Suppose a car that is started is parked and locked, with the keys inside the car with the driver. Should someone be able to unlock the car by using the outside buttons on the door? When I try to do so in my 2008 Altima, the system unlocks the door just like it would if the keys were outside. Isn't this a little dangerous from a security point of view as essentially your car is never locked when you are in it.

  • Did you try it both in park and in gear?
    – vini_i
    Jan 1, 2017 at 18:18
  • @vini_i Yeah, makes no difference.
    – Riikk
    Jan 2, 2017 at 10:15
  • The feature may be programmable, try checking your owners manual or contacting the dealer.
    – vini_i
    Jan 2, 2017 at 12:47
  • It doesn't say anything about it. Yeah I might contact Nissan. See: goo.gl/K9iHCf
    – Riikk
    Jan 3, 2017 at 12:44

1 Answer 1


Not all cars do this. I have personal experience with a 2011 Dodge Journey which uses keyless entry. When I pull the handle with the keys on me, the door automatically unlocks and it opens. However, if I try to open the locked door with the keys inside of the car... it won't open.

I'm not sure how that works, if the sensor is short range and only directed to the exterior or what, but it seems pretty secure as far as that goes given the fact that I can manage to lock myself out.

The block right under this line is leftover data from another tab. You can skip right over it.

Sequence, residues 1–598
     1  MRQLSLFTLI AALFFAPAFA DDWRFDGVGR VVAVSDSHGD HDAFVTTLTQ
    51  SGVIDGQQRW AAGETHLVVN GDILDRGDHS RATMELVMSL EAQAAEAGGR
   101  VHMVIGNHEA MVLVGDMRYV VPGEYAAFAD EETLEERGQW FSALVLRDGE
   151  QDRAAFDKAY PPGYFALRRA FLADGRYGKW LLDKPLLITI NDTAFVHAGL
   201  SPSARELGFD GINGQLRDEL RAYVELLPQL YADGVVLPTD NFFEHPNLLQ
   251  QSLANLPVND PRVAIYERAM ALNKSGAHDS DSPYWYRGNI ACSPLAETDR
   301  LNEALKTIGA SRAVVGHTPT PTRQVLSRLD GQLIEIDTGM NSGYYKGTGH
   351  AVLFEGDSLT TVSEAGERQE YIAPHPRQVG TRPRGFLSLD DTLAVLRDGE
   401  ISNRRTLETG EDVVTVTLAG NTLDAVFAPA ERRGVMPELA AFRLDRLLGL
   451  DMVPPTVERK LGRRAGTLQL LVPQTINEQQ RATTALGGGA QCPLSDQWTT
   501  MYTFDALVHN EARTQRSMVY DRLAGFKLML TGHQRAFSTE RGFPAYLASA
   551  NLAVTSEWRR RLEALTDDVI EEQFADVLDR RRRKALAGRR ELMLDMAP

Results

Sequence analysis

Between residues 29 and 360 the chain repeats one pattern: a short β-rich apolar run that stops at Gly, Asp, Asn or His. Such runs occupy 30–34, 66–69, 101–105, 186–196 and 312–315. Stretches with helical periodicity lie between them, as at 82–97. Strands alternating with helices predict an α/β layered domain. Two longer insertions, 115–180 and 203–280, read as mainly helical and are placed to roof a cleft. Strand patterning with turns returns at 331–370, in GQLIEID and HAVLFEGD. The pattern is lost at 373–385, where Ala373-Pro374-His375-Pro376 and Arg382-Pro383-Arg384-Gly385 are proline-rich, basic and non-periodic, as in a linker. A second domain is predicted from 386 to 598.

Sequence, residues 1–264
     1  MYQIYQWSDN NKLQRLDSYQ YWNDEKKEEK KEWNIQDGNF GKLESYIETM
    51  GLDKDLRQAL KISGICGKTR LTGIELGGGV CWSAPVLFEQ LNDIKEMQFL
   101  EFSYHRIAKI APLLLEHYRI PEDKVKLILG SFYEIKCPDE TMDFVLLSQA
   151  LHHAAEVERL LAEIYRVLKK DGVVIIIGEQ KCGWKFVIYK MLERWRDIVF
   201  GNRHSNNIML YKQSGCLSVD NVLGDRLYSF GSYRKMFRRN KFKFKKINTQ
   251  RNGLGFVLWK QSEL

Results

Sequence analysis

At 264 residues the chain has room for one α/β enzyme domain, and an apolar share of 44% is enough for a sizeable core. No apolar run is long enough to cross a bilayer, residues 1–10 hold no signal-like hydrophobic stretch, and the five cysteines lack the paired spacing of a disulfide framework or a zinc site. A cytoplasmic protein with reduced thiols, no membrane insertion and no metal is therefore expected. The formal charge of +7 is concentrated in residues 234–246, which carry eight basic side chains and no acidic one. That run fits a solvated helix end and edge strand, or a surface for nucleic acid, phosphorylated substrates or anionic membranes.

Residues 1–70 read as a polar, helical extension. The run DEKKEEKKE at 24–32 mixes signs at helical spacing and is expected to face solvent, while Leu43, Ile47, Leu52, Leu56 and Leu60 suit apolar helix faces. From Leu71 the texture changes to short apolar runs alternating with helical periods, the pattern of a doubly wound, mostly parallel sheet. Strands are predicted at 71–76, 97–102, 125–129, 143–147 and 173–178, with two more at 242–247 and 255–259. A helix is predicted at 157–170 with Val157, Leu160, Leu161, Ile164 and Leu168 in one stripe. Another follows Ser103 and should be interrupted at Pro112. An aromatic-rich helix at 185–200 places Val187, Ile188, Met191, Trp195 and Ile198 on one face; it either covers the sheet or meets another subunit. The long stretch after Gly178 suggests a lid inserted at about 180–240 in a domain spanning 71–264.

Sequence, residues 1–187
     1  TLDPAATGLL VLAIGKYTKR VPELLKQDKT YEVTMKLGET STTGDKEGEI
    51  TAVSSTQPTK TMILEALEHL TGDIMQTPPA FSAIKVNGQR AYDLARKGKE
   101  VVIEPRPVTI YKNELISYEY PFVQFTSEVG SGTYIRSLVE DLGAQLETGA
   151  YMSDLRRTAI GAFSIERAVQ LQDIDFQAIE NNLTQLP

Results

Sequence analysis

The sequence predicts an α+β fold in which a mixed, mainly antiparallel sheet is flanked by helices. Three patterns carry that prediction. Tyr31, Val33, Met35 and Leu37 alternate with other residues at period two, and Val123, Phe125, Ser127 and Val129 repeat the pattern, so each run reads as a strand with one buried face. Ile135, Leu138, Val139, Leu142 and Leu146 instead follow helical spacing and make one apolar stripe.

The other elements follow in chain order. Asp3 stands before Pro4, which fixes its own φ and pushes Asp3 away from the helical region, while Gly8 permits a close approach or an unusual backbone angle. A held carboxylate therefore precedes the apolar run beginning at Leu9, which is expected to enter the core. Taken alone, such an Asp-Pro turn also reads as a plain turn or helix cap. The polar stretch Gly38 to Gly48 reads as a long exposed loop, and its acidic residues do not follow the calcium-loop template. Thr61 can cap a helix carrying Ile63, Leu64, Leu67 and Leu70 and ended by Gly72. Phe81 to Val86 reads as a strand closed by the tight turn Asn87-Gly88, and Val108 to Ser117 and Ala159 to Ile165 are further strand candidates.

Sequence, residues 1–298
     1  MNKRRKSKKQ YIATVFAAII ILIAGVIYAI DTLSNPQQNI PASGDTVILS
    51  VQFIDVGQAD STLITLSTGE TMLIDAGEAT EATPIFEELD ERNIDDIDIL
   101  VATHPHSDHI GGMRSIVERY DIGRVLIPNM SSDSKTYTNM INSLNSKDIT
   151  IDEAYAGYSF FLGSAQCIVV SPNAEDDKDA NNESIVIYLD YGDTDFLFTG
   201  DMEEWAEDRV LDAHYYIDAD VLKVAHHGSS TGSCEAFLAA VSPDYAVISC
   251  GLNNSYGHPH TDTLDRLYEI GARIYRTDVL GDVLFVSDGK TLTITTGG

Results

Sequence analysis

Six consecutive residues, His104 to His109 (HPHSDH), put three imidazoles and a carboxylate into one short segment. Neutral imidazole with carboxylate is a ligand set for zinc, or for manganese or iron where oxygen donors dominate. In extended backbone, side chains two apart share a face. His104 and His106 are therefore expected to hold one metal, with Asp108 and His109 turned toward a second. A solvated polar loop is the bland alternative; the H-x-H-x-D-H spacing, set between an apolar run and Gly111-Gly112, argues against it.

Different cars are built differently, some are more secure than others in terms of this. But ignoring security for a second here, at least you're unlikely to get locked out of your car depending on where the keys were sitting in the car.

  • If you see the diagram from my instruction manual ( goo.gl/K9iHCf ), it would seem that is how my car should operate as well. I wrote an email to Nissan asking them if this is normal.
    – Riikk
    Jan 3, 2017 at 20:35
  • You are right, so the car is not designed to work the way you say it's been working for you. Therefore, I recommend getting that checked out. Is it constant and repeatable? Have you tried putting the keys in the center console? Passenger seat then open from the driver's side? It is a security flaw as it stands but try and narrow it down so that the dealership can better figure out the plan of attack.
    – revofire
    Jan 3, 2017 at 21:10

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